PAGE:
• «showZeros» forces the inclusion of trailing zeros:
NumberToText(1/4, 'Percent', digits: 2, showZeros: True) → '25.00%'

Set «thousandsSeparators» to True to separate digits into groups of three:

NumberToText(7^12,'I', thousandsSeparators: True) → '13,841, 287, 201'
  • «currency» specifies a template with the currency symbol and its placement relative to the number and the minus sign.
NumberToText(-372, 'F', currency: ['-£#', 'US$-#', '#£-', '($#)']) → ['-£372', 'US$-372', '372£-', '($372)']
  • «dateFormat» provides a date format template for converting date numbers to text:
NumberToText(Today(), dateFormat: 'yyyy MMMM dd (wwww)') → '2013 July 01 (Monday)'
  • «fullPrecision»: Set this to true, to include all digits to ensure that the full precision of the number.
NumberToText(Pi, fullPrecision: True) → '3.141592653589793'

ParseNumber(text, badVal)

Parses a text value into a number. (For dates, use ParseDate()). The result is independent of the number format setting. Values that are already numeric are returned. If the number is unparseable, it returns Null, unless you specify a different value to the optional parameter «badVal».

ParseNumber('12.43K') → 12.43K
ParseNumber('hello') → «null»
ParseNumber(14.3) → 14.3
If you use ParseNumber(x, x) it will simply return any unparseable text values in «x» as the original text value:
VAR x := ['3, 214', 14, 'foo'] DO ParseNumber(x, x) → [ 3214, 14, 'foo']


(New to Analytica 5.0 ) Transforms «text» into an alternative text encoding specified by «type». The text can be URL encoded for inclusion in a URL or URL decoded, XML encoded, put into one of the four normalized unicode forms, or converted to or from a UTF-8 encoding. See TextCharacterEncode.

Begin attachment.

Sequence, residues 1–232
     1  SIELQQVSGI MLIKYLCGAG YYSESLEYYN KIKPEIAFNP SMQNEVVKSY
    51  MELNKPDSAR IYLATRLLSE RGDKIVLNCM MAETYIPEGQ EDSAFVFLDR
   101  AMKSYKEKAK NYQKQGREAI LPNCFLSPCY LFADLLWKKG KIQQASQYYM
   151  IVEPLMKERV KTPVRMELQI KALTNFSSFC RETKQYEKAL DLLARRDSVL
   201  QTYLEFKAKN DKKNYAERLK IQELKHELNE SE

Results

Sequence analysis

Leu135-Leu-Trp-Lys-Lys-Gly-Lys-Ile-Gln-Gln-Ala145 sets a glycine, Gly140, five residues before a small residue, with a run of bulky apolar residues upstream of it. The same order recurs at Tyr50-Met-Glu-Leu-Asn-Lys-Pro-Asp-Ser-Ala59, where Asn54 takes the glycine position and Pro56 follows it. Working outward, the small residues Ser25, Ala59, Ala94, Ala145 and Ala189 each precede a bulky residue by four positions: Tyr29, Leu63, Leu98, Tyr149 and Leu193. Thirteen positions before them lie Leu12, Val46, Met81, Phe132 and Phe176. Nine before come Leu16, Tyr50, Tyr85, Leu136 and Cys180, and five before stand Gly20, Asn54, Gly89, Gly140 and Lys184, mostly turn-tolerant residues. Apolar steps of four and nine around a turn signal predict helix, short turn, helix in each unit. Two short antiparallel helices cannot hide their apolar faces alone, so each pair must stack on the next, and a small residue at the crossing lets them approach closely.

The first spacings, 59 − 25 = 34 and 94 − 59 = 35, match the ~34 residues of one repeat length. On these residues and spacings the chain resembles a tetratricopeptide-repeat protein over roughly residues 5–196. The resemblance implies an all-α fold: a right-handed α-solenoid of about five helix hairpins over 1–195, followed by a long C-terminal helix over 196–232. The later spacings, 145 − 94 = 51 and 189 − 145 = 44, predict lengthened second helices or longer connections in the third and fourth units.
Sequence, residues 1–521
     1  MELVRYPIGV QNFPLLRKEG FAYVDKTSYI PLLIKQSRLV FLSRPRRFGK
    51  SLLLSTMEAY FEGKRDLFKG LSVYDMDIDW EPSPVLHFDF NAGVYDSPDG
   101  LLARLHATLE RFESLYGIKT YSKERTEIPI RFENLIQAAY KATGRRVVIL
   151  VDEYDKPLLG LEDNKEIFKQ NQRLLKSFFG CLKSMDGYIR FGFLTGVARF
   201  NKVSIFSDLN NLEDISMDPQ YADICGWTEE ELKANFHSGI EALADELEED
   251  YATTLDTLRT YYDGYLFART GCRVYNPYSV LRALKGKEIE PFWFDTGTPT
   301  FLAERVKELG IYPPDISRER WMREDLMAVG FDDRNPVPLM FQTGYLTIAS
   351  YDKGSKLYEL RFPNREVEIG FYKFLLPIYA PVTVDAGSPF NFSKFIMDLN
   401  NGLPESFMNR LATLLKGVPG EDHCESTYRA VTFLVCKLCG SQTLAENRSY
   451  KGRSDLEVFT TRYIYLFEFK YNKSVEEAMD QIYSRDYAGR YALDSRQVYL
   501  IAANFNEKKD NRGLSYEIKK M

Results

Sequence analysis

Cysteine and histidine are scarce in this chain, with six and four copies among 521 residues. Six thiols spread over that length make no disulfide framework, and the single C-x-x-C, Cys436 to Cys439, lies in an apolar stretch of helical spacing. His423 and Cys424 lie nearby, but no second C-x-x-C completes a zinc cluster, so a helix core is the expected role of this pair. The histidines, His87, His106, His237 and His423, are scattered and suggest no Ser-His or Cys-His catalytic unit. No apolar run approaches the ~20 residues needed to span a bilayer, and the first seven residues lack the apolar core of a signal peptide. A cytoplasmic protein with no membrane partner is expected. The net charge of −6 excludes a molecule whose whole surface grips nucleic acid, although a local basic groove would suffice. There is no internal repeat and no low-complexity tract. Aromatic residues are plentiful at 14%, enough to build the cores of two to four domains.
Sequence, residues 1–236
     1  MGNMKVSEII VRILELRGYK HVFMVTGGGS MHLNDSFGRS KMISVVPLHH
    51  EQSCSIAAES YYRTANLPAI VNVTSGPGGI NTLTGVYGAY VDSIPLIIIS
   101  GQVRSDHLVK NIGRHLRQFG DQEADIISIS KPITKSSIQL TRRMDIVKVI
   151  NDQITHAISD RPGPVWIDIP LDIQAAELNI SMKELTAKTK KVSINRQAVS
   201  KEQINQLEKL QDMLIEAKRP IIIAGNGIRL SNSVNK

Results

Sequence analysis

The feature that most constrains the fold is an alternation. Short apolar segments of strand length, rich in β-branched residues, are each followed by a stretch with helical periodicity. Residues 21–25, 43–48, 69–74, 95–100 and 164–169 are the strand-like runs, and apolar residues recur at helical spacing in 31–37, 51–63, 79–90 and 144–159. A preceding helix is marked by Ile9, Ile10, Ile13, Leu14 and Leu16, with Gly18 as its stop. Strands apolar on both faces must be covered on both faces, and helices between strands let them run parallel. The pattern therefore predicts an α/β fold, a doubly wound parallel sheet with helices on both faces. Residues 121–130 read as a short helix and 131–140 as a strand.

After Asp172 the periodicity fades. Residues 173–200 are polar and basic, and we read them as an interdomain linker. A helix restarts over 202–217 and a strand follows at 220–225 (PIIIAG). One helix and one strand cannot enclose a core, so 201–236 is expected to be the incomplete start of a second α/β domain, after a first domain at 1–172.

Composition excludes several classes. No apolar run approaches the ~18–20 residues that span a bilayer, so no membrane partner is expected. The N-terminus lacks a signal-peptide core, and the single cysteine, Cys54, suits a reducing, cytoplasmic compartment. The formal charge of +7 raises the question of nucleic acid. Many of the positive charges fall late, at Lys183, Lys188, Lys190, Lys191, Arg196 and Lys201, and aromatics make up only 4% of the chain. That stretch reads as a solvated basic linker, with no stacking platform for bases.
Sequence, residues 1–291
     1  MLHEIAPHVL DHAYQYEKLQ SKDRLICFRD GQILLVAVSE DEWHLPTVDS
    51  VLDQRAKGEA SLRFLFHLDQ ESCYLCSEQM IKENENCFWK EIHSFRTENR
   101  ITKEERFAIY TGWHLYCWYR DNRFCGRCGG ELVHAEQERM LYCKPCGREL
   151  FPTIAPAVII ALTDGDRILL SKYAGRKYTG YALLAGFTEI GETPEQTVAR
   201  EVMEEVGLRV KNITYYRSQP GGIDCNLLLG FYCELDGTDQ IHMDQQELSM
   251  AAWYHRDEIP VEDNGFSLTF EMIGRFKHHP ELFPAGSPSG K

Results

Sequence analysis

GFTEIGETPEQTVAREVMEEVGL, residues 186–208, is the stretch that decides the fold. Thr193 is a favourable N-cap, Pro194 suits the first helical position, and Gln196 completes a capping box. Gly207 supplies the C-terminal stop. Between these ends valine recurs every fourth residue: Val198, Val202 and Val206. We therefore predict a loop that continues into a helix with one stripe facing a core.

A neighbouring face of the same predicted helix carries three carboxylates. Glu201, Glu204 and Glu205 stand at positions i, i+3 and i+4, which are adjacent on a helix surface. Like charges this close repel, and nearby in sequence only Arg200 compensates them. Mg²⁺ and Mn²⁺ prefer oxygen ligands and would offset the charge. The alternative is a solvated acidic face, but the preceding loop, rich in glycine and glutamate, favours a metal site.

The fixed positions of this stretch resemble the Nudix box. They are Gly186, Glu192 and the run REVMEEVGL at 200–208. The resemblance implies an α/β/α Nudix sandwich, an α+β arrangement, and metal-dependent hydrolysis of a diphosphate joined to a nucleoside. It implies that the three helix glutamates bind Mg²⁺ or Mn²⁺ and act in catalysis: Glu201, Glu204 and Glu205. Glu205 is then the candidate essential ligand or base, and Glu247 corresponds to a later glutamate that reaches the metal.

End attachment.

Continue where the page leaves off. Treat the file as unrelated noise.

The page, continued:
TextCharacterEncode('UTF-8', 'γσh') → 'γσh'
TextCharacterDecode('-UTF-8','γσh') → 'γσh'
TextCharacterEncode('URL','3:4 = 3/4 & 1/2 = 0.5') → '3%3A4+%3D+3%2F4+%26+1%2F2+%3D+0.5'


(New to Analytica 5.0 ) Returns a distance measure indicating how different two text values are. The result is the number of edit steps (substitutions, deletions, insertions, etc.) are required to transform «t1» into «t2». Many optional parameters can be used to specify which editing operations are allowed (see TextDistance()), allowing various standard distance measures including Levenshtein distance, Demerau-Levenshtein distance, Hamming distance, and Longest common subsequence among others.

TextDistance("portland", "orlando") → 3
Note: "portland" → "ortland" → "orland" → "orlando"

Data file parsing and creation functions

When you exchange data with other applications (which in generally requires the Analytica Enterprise edition or better), you may need to parse the data, or put your data into a given format. Commonly used formats include CSV (which stands for Comma Separated Values, but includes other separators such as tabs), XML and JSON. The following functions can be used to parse or create data in these formats:

ParseCSV( ReadTextFile( "MyData.csv" ) ) → { 2-D array indexed by local indexes .Column and .Row}

See Also